However, these numbers are not just about the denial of their basic, lawful and rightful education because of child marriage, these girls also become vulnerable to early pregnancies and sexual violence. The risk depends on a number of factors from place of residence to family’s financial status and education level of the girls. Rural areas account for 80% of child marriages in 13 states, and the risk reduces with an increase in family’s wealth and education.

The importance and need for women and girl empowerment have been recognised at every level. We are aware that equal rights and equal opportunities are necessary for all  genders to live equally and get respect without discrimination and violence. However, a lot of the efforts made worldwide for women’s security and gender equality have been simply reversed back to 10-20 years due to Covid-19.

The above-given facts do not give the complete picture but are sufficient to drag the attention of the government, stakeholders and other key players. The current situation indicates that girls and women are in a more vulnerable situation. It needs efforts at various levels to minimise the effects. There is an urgent need to study the situation more deeply and understand various aspects of it. It is required to collectivise civil society, stakeholders and the government to brainstorm and come up with a gender mainstreaming strategy and working plan for implementation, and ensure allocation of more resources and funds.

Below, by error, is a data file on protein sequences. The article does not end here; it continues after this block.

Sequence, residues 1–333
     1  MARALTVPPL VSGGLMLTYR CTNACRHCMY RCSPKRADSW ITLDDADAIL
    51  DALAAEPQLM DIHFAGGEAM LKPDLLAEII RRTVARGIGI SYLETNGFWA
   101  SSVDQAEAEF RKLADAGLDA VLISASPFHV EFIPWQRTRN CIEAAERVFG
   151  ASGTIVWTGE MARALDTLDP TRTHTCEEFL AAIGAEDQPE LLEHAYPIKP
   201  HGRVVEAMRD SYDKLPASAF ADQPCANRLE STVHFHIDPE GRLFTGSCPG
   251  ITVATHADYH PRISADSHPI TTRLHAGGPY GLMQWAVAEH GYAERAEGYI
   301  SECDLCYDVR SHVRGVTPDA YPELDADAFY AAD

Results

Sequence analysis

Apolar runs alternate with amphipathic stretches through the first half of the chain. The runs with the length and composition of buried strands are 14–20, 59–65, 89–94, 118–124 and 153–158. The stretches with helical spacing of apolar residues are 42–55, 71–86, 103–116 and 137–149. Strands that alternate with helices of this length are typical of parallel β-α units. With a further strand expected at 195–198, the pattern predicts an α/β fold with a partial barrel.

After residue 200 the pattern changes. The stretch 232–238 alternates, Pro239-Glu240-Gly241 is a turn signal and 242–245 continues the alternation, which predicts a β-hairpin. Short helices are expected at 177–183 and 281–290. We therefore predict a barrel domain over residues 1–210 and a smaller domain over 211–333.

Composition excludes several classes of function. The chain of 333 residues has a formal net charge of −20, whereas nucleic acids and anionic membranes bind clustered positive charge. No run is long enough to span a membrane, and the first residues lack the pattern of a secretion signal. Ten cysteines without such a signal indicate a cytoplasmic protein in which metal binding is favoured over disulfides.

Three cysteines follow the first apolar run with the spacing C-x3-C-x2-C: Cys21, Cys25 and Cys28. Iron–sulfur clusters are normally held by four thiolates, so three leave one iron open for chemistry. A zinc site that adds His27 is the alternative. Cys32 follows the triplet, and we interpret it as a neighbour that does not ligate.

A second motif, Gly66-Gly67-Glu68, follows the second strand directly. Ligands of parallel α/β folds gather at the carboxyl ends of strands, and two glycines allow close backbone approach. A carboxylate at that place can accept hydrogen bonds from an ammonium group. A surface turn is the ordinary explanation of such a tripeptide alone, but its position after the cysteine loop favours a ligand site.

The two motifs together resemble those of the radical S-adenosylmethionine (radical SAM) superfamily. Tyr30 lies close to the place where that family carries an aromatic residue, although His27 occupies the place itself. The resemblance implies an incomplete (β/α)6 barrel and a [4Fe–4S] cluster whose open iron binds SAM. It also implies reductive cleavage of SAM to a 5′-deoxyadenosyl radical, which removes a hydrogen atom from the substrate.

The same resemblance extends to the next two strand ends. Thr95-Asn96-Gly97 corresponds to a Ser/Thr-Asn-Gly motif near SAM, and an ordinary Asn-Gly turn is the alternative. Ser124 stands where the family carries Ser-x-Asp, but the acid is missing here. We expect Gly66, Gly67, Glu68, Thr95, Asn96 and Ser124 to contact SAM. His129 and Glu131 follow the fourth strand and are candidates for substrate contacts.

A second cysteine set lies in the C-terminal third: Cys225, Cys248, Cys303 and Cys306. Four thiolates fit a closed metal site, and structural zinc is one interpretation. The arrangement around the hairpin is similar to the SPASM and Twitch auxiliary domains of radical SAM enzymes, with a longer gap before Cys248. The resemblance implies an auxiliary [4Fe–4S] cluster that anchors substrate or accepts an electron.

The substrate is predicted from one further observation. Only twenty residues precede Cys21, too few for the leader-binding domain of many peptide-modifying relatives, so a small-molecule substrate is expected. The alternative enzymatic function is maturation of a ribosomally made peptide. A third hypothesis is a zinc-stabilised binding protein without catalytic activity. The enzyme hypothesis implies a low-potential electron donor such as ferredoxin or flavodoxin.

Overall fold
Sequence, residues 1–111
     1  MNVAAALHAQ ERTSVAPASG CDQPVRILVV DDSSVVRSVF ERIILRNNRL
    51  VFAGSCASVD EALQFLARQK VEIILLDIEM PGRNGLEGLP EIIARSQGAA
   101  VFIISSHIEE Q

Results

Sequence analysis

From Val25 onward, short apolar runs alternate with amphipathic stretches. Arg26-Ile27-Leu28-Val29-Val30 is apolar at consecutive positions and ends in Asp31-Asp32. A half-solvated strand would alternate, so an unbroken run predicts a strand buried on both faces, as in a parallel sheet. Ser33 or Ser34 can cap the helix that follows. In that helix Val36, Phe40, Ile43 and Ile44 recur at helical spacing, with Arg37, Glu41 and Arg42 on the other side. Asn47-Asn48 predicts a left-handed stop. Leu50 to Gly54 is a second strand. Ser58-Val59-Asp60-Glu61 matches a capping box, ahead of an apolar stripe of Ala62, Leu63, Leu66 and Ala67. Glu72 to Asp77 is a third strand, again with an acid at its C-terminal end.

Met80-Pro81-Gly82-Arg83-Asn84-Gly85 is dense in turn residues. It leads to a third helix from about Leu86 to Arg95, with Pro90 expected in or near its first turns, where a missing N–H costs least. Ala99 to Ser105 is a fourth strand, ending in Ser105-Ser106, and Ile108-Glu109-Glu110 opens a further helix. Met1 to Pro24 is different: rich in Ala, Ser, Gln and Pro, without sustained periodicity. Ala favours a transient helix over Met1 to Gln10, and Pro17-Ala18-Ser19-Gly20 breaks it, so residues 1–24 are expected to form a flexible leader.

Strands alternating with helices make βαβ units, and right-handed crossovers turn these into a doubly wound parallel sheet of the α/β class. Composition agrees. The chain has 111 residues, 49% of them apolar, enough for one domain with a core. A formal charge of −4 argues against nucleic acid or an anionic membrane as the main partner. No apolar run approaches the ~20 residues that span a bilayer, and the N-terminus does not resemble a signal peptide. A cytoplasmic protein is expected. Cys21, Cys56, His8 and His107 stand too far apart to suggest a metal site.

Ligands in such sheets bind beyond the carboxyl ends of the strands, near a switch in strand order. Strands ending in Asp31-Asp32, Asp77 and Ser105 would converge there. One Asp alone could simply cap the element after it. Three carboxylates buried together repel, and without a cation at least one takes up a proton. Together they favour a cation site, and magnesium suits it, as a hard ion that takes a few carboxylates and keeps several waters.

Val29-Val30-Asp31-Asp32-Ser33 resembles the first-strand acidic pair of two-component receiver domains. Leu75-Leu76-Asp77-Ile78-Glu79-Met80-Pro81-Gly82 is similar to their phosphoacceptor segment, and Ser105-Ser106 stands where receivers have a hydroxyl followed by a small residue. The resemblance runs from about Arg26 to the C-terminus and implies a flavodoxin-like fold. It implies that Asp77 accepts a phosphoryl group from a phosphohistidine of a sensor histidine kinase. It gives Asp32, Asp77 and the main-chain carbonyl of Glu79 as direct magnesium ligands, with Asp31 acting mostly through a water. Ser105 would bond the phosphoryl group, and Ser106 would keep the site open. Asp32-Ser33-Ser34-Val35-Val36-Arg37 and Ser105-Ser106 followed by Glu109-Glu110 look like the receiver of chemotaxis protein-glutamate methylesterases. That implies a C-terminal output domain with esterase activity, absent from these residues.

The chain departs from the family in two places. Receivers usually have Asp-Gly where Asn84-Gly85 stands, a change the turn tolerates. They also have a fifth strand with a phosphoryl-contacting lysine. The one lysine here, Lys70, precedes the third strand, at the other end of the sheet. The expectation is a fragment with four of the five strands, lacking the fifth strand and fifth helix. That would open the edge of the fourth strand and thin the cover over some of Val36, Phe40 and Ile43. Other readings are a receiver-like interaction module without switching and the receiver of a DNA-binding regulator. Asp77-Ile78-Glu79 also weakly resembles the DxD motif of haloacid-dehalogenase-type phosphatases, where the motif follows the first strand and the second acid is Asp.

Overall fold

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An ambassador and trained facilitator under Eco Femme (a social enterprise working towards menstrual health in south India), Sanjina is also an active member of the MHM Collective- India and Menstrual Health Alliance- India. She has conducted Menstrual Health sessions in multiple government schools adopted by Rotary District 3240 as part of their WinS project in rural Bengal. She has also delivered training of trainers on SRHR, gender, sexuality and Menstruation for Tomorrow’s Foundation, Vikramshila Education Resource Society, Nirdhan trust and Micro Finance, Tollygunj Women In Need, Paint It Red in Kolkata.

Now as an MH Fellow with YKA, she’s expanding her impressive scope of work further by launching a campaign to facilitate the process of ensuring better menstrual health and SRH services for women residing in correctional homes in West Bengal. The campaign will entail an independent study to take stalk of the present conditions of MHM in correctional homes across the state and use its findings to build public support and political will to take the necessary action.

Saurabh has been associated with YKA as a user and has consistently been writing on the issue MHM and its intersectionality with other issues in the society. Now as an MHM Fellow with YKA, he’s launched the Right to Period campaign, which aims to ensure proper execution of MHM guidelines in Delhi’s schools.